Posted by: brucerealtor | December 13, 2007 9:11 AM

I have a question for Google.

I am a GMail user.

I would like to know why whenever I am typing a e-mail to someone my 'transmission indication' blue bar at the bottom right of the screen appears to be sending, often several times during my typing.

Is this a virus that Kaspersky anti-virus has somehow missed, spyware that Spyware Doctor and Ad-Aware Pro has missed, or is this information being sent back to Google and if the later, why is Google interested in the CONTENT of my e-mails ???

Also this doesn't happen all the time and with all e-mails, but I am especially noticing it becoming active in e-mails to ArtSpitzer with the ACLU and communications involving a DC police officer who is now serving time in jail -- WRONGFULLY, I might point out.

I know about electronic counter-measures for audio, but am 'somewhat' ignorant about computer counter-measures, etc. Could this be something like a bot that got put on my machine for surveillance purposes and if so, are anti-virus and anti-spyware companies cooperating in not removing such bots ???


Posted by: | December 13, 2007 9:24 AM

Google is interested in the content of your emails so they can show you and the people you communicate with ads that they think you will be interested in.

Maybe there's some nefarious purpose that no one knows about, but my understanding is that the main reason is to generate advertising revenue from gmail users.

Posted by: danny | December 13, 2007 10:36 AM

Ummm, are you using the web-based interface to send the email? If so, wouldn't you EXPECT this information to be sent to Google's servers so that they can deliver the email?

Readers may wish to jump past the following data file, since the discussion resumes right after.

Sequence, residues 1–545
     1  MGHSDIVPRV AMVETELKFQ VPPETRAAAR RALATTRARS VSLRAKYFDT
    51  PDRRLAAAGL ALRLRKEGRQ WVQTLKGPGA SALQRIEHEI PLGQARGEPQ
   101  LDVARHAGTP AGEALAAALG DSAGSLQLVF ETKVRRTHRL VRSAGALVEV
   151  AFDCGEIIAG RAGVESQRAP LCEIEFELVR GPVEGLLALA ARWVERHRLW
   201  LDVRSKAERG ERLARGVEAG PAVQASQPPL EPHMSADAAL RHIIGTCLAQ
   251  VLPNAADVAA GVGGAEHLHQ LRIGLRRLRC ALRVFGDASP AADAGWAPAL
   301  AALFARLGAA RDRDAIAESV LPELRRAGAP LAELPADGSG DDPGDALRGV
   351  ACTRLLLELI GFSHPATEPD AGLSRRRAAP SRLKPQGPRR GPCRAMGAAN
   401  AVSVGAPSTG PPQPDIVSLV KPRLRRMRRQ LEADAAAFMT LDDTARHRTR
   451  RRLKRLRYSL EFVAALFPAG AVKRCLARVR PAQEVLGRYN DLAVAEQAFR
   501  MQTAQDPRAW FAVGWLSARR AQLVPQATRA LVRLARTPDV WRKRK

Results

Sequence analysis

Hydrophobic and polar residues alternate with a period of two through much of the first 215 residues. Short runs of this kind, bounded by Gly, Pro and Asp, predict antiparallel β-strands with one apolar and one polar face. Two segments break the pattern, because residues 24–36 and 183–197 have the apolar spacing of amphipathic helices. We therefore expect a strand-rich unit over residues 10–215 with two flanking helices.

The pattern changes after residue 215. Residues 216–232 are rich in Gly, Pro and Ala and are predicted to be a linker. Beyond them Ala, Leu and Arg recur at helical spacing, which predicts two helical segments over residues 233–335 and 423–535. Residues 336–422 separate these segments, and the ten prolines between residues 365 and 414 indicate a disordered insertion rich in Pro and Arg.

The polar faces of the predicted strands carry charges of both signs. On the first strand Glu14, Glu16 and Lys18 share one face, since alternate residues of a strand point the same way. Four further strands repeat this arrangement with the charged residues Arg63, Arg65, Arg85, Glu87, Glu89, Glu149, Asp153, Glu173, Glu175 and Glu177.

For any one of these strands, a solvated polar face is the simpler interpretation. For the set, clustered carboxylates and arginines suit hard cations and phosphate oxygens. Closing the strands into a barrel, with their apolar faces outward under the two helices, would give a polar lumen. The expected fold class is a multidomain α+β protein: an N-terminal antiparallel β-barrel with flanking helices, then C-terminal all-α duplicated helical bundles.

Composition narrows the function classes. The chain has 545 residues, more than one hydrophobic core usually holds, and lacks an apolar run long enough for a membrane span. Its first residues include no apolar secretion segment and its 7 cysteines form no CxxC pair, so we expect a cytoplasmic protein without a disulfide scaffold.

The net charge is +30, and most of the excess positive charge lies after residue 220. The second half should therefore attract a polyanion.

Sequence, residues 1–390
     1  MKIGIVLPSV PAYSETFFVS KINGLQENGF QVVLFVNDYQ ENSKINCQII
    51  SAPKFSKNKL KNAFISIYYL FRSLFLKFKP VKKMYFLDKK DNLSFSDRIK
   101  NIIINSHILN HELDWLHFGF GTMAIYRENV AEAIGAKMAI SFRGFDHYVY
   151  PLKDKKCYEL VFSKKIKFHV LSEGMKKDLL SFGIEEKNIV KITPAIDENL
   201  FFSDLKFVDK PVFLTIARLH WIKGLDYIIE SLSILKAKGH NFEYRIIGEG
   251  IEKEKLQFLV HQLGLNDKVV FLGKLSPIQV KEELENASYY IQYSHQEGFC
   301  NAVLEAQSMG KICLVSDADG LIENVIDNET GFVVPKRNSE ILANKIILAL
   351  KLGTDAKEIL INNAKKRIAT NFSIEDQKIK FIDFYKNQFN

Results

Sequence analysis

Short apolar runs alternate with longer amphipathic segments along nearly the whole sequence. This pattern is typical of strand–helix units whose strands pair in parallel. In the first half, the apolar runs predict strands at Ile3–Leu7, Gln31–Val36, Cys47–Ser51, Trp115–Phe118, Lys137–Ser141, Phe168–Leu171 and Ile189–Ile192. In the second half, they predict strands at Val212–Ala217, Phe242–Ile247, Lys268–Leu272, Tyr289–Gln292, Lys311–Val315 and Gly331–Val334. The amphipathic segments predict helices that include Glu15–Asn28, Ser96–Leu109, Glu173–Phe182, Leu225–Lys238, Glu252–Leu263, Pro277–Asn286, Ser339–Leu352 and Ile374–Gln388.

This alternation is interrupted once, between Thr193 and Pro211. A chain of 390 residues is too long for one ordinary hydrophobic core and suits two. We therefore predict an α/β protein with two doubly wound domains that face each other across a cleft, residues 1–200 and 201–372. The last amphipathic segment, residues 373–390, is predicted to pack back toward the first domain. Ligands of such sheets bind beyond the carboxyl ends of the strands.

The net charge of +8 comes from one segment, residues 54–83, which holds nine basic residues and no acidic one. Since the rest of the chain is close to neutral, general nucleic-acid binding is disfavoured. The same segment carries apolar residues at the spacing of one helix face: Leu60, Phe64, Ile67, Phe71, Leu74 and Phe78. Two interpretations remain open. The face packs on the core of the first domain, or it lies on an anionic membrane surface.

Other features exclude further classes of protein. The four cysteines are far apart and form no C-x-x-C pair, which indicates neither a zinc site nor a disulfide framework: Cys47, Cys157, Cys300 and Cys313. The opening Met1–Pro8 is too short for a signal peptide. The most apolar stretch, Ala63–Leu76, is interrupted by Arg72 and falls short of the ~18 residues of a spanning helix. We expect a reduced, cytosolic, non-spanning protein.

The reason it happens periodically, even when you have not finished sending the email, is likely due to the auto-save feature... if the browser crashes or your computer crashes, you can return to your partially saved email and continue where you last left off. It could also have to do with some occasional checks on their servers to see if you have new mail.

Posted by: duh | December 13, 2007 11:43 AM

Google does install spybots on your systems if you use G-mail, their search engine, etc. Antivirus does not pick them up. If you watch your port traffic you can see them. We found this shortly after installing a Google Search appliance into our company's network. If you delete them or block the ports, Google will not work.

Bottom line...Don't use Google or be prepared to be spied upon.

Posted by: Sierra | December 13, 2007 1:59 PM

I believe that Google, like several other major online players, is dragging its feet when it comes to clear cut definitions that can make them liable or look user-unfriendly in the public light. I'm sure one can find clues of these where-abouts intentions by breaking out their legalese in their "accept" terms for each of all their services.
Our reactionary government continues its great tradition of following up with technology long after it's deployed. Unfortunately, modern technologies have very short gestation cycles, so their benefits, as well as their detriments, are viewed from the rear view mirror of it's promoters and with a surprise, daze and confused look by "regulators"

Posted by: Richard | December 13, 2007 6:19 PM